After we learn the rules, we can flex our artistic muscles and enhance our writing with the stylistic uses of punctuation, as Noah Lukeman points out in A Dash of Style: The Art and Mastery of Punctuation. As I mentioned two posts ago, the only form of punctuation that he doesn’t cover is the apostrophe. He even considers paragraph breaks as a form of punctuation. And the way you apply (or don’t) all the different forms of punctuation tells something about you, the writer.

The semicolon, for instance. Aside from the winky face, what good is it? A semicolon separates two independent clauses when a comma and conjunction just don’t do the trick, and when two sentences separate those thoughts a little too much. But writers could choose one of the alternatives I’ve just listed and still be technically correct. Truss says that newspapers don’t use it,

[T]he official reason being that readers of newsprint prefer their sentences short, their paragraphs bite-sized and their columns of type uncluttered by wormy squiggles. It’s more likely that the real reasons are a pathetic editorial confusion about usage and a policy of distrusting contributors even when they demonstrably know their onions. (110)

Ouch. And Lukeman’s take is that

Artistically, the semicolon opens a world of possibilities, and can lend a huge impact. In this sense, it is the punctuation mark best suited for creative writers[. . .]

We use the semicolon for the same reason we trade cement floors for marble: cement floors are equally functional but not as elegant, not as aesthetically pleasing as marble. The semicolon elevates punctuation from the utilitarian (from punctuation that works) to the luxurious (to punctuation that transcends). Business memos do not need semicolons; creative writers do. (70)

It follows that creative writers are artists and might decide to get flowery with their punctuation, but I can easily imagine academic writers turning up their noses at such a notion. There are, however, necessary punctuation marks that everyone has to use, so it’s important to learn about them – and how to keep from overusing them. Lukeman subtitles a portion of his last chapter “Use Sparingly,” and included in this section are the question mark, exclamation point, italics, ellipses (you know: . . .), and the hyphen. Most of these make sense, but the question mark? It’s supposed to come at the end of a question, right? I mean, it wouldn’t be right to end a question with a period (although that doesn’t stop people from trying). In the publishing world, Lukeman says,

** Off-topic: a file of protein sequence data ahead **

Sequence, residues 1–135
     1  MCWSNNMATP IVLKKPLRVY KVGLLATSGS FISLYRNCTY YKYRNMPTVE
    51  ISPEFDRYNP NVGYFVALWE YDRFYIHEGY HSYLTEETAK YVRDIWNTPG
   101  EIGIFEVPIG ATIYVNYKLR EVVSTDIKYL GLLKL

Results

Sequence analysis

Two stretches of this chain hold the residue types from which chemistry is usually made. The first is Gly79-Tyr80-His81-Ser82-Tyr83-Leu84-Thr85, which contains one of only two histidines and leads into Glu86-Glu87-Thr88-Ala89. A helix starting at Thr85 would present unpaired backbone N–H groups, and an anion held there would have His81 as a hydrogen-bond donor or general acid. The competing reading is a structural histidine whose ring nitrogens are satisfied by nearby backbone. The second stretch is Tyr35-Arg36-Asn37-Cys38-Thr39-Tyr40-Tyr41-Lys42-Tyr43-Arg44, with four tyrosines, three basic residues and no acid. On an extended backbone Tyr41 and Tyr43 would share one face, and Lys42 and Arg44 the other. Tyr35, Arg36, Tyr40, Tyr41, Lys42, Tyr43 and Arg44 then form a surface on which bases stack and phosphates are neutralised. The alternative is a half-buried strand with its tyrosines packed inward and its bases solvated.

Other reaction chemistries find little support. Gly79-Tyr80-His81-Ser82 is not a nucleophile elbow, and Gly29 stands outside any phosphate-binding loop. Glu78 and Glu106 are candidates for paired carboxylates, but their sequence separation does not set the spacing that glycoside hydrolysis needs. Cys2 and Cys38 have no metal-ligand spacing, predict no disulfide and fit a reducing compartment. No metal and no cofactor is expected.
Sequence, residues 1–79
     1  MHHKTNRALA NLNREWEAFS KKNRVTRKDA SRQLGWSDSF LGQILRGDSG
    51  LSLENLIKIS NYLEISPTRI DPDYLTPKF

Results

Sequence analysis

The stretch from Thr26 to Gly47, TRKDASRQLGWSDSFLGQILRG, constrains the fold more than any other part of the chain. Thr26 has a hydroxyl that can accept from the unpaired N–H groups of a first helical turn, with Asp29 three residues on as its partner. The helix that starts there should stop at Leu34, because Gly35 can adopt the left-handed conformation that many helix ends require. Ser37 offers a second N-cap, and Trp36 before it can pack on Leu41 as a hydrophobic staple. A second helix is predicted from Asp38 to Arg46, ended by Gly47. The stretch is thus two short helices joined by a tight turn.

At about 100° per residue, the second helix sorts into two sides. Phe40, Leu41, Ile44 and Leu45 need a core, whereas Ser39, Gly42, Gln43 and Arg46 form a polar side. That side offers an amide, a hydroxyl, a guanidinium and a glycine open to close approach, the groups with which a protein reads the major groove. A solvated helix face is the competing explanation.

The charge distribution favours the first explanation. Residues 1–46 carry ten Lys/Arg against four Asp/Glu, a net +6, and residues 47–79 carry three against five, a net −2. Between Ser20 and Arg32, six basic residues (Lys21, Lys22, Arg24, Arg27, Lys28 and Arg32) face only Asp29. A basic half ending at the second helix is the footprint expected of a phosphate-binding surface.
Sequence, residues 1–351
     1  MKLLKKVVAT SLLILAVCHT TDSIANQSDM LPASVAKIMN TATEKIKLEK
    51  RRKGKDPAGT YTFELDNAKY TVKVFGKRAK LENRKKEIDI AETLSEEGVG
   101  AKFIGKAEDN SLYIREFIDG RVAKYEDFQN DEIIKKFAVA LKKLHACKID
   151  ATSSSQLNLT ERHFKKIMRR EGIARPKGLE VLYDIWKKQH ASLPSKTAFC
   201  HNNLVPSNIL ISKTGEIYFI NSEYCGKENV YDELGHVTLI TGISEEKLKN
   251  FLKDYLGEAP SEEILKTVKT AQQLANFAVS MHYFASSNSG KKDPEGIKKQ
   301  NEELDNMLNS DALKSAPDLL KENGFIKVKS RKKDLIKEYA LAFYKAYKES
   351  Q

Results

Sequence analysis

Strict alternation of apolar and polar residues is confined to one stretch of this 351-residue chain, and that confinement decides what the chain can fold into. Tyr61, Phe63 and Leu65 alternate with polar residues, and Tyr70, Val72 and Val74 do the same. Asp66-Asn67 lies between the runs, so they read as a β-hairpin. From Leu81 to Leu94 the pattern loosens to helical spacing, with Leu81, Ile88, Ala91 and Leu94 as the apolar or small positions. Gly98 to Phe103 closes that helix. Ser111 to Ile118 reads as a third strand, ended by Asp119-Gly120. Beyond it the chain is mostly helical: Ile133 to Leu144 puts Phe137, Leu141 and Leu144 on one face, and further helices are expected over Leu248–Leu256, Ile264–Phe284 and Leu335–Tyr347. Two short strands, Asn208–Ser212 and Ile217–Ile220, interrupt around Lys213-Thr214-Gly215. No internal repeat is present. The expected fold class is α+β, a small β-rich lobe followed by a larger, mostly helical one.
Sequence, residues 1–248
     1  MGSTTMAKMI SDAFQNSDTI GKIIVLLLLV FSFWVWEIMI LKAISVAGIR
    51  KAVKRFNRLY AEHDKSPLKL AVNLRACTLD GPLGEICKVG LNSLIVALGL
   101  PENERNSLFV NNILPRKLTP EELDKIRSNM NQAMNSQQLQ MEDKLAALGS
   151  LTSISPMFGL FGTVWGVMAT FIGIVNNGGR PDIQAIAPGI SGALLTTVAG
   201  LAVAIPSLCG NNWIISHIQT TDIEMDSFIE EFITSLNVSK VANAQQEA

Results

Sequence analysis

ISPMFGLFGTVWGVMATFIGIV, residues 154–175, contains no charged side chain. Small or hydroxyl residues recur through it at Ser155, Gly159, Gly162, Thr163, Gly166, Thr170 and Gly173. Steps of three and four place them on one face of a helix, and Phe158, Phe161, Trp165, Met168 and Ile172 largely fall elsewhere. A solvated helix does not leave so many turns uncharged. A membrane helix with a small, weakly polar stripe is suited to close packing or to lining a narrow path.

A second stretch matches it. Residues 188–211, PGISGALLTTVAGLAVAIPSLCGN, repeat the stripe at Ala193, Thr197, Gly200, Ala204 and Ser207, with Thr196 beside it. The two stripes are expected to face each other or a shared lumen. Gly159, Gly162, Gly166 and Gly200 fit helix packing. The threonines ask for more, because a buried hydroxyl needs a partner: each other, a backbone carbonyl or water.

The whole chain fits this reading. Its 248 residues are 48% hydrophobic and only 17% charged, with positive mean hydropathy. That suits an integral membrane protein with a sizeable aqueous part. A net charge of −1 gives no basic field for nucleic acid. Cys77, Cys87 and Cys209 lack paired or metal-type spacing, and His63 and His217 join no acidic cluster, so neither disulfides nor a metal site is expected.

[A] publishing professional is looking to reject a manuscript as quickly as he can. [. . .] And an abundance of question marks in the first pages  [. . .] nearly always indicates amateur or melodramatic writing. For some reason, the poor question mark gets seized upon by the writer who is desperate to immediately hook the reader in a cheap way. (184)

Likewise, the exclamation point

[C]an be painfully misused. Like the question mark, it can be used as a crutch to create a heightened sense of drama, can be transformed into a screaming car salesman. As a rule, if you need an exclamation point to make a scene come alive, then you better reexamine that scene. (187)

I do like an example that Truss cites, however, that wouldn’t be possible without these two marks. She mentions “the French 19th-century novelist Victor Hugo, who – when he wanted to know how Les Miserables was selling – reportedly telegraphed his publisher with the simple inquiry ‘?’ and received in the expressive reply ‘!'” (136).

Those of us who care enough to properly and painstakingly choose between semicolons and colons must first learn the rules (and when to break them) and unite with fellow sticklers. I’m waving my electronic hand here, trying to catch the attention of anyone else who cares. As Truss says,

[M]y personal hunches about the state of the language were horribly correct: standards of punctuation in general in the UK are indeed approaching the point of illiteracy; self-justified philistines (“Get a life!”) are truly in the driving seat of our culture; and a lot of well-educated sensitive people really have been weeping friendlessly in caves for the past few years, praying for someone – anyone – to write a book about punctuation with a panda on the cover. (xix-xx)

Truss’s book has a lot of answers, as well as Lukeman’s (and he covers much more than I’ve been able to do here). Three other books that I highly recommend because they have greatly helped me with the craft are the old standby, Strunk and White’s The Elements of Style (4th Edition), Anne Lamott’s Bird by Bird: Some Instructions on Writing and Life, and (believe it or not) Stephen King’s On Writing: A Memoir Of The Craft.

And I’ll let Noah Lukeman have the final word on making the case for proper punctuation:

[L]et your punctuation unfold organically, as the text demands. Punctuation should never be forced on a text, never be brought in to rescue you from confusing sentence construction. It is not here to save – it is here to complement. This is an important distinction. The sentence itself must do the work. If it does, the punctuation will coexist seamlessly, and you will never  have an awkward struggle to squeeze in a dash, or make a semicolon work. If you find yourself having a struggle, reexamine your sentence structure, your word choice. More likely than not, you will need to rewrite, not repunctuate. [. . . I]n the best writing the punctuation is seamless, invisible, at one with the text. It will never stand out. You know you are punctuating the best you possibly can when, ironically, you don’t even know it’s there. (200)

Someone Tapped My Brain Again, and Her Name is Anne Lamott

Anne Lamott